NCI Cancer Bulletin: A Trusted Source for Cancer Research News
NCI Cancer Bulletin: A Trusted Source for Cancer Research News
December 4, 2007 • Volume 4 / Number 31 E-Mail This Document  |  Download PDF  |  Bulletin Archive/Search  |  Subscribe

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Featured Clinical TrialFeatured Clinical Trial

New Drug Combination for Ovarian and Primary Peritoneal Cancers

Name of the Trial
Phase II Study of Cisplatin and Flavopiridol in Patients with Advanced Ovarian Epithelial or Primary Peritoneal Cancer (MAYO-MC0261). See the protocol summary at http://cancer.gov/clinicaltrials/MAYO-MC0261.

 Dr. Keith Bible, Mayo Clinic Cancer Center
Dr. Keith Bible, Mayo Clinic Cancer Center

Principal Investigator
Dr. Keith Bible, Mayo Clinic Cancer Center

Why This Trial Is Important
Ovarian epithelial cancer is one of the most common gynecologic cancers in the United States. Because it is difficult to detect early, most cases of ovarian epithelial cancer are not identified until the disease has reached an advanced stage, and the long-term prognosis for patients with such disease is poor. Primary peritoneal cancer is a related but less common type of cancer that usually responds similarly to treatment.

Systemic chemotherapy with a platinum-containing drug, such as cisplatin or carboplatin, is a commonly used treatment for advanced ovarian epithelial cancer. Although this type of treatment frequently results in tumor shrinkage, most patients ultimately become resistant to platinum-based chemotherapy.

In this trial, women with ovarian epithelial or primary peritoneal cancer whose disease has relapsed less than 6 months after treatment with initial chemotherapy will receive cisplatin and a drug called flavopiridol. Flavopiridol blocks the activity of a number of proteins that help cancer cells grow and spread, and it may also make cancer cells more sensitive to cisplatin.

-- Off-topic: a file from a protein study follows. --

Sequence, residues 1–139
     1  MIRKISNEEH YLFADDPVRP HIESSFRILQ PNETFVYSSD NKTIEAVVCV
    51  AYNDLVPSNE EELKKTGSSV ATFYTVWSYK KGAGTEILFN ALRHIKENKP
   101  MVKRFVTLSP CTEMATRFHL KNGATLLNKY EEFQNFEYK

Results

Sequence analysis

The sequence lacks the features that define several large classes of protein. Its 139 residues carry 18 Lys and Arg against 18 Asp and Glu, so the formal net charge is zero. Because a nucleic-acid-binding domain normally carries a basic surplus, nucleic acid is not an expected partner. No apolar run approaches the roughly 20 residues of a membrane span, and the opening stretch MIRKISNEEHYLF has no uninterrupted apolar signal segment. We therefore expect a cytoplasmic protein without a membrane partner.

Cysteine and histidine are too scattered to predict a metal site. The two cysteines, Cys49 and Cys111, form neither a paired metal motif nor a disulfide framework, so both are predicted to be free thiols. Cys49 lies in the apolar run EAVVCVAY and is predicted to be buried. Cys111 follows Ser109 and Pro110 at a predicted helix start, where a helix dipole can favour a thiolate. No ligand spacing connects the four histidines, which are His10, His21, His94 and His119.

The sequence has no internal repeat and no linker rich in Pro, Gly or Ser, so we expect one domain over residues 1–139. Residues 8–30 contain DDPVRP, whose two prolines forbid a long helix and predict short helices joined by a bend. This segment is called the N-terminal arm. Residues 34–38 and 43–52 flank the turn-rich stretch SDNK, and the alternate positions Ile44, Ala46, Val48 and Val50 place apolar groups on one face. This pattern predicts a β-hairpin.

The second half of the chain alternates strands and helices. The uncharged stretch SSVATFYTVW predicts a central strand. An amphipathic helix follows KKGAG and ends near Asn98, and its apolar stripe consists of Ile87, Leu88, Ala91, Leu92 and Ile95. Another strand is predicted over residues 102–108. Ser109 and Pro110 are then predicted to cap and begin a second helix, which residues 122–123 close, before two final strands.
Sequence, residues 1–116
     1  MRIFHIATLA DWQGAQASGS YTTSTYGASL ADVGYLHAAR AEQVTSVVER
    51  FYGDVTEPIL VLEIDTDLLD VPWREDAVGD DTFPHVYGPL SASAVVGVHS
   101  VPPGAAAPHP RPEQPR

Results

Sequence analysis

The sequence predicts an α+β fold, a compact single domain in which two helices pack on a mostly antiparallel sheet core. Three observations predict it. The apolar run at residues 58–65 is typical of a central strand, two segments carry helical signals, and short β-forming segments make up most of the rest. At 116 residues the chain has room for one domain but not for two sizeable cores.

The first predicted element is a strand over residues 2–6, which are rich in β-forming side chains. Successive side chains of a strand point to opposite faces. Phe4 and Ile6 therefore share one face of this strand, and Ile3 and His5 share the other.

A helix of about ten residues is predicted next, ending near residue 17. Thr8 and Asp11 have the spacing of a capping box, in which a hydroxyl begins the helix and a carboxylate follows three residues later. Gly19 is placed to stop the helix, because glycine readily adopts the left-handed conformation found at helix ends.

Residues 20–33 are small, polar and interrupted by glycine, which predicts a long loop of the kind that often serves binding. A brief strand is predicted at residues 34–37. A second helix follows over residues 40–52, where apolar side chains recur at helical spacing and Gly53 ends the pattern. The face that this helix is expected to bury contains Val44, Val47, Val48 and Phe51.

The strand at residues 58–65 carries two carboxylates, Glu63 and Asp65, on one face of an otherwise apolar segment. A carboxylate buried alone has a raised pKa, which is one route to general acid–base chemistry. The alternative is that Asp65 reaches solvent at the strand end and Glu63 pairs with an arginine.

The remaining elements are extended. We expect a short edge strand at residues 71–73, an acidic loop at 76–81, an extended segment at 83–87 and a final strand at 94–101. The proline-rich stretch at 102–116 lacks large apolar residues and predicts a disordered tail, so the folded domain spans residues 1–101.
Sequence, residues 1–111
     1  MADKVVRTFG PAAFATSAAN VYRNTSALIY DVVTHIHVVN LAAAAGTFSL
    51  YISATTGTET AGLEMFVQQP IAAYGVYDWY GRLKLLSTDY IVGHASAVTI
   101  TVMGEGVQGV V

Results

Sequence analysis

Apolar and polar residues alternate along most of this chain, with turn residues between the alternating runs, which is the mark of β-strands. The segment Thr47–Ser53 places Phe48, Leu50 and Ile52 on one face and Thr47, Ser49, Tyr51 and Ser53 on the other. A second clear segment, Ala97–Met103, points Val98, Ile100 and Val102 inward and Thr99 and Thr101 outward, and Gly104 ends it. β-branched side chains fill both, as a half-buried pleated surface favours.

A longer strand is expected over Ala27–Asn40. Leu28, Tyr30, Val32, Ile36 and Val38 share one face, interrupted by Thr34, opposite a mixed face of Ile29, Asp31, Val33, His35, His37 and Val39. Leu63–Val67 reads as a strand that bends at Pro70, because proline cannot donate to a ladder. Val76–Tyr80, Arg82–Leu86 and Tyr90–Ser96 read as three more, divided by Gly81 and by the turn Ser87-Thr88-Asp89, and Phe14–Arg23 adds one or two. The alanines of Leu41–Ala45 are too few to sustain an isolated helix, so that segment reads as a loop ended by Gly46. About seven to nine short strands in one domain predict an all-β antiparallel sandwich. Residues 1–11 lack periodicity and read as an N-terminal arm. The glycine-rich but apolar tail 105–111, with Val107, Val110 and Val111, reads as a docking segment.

"Women with platinum-resistant ovarian cancer have very few effective treatment options," said Dr. Bible. "Our laboratory studies have shown that flavopiridol can increase the platinum concentrations in cells when administered with cisplatin, and we believe that this may lead to a reversal of platinum resistance."

"An early analysis of patients currently on the trial has revealed a better than expected response rate, including one patient with a complete remission," he added.

Who Can Join This Trial
Researchers will recruit 79 women aged 18 or over with advanced ovarian epithelial or primary peritoneal cancer treated with one prior chemotherapy regimen. See the list of eligibility criteria at http://www.cancer.gov/clinicaltrials/MAYO-MC0261.

Study Site and Contact Information
Study sites in the United States are recruiting patients for this trial. See the list of study sites at http://www.cancer.gov/clinicaltrials/MAYO-MC0261 or call the NCI's Cancer Information Service at 1-800-4-CANCER (1-800-422-6237) for more information. The toll-free call is confidential.


An archive of "Featured Clinical Trial" columns is available at http://cancer.gov/clinicaltrials/ft-all-featured-trials.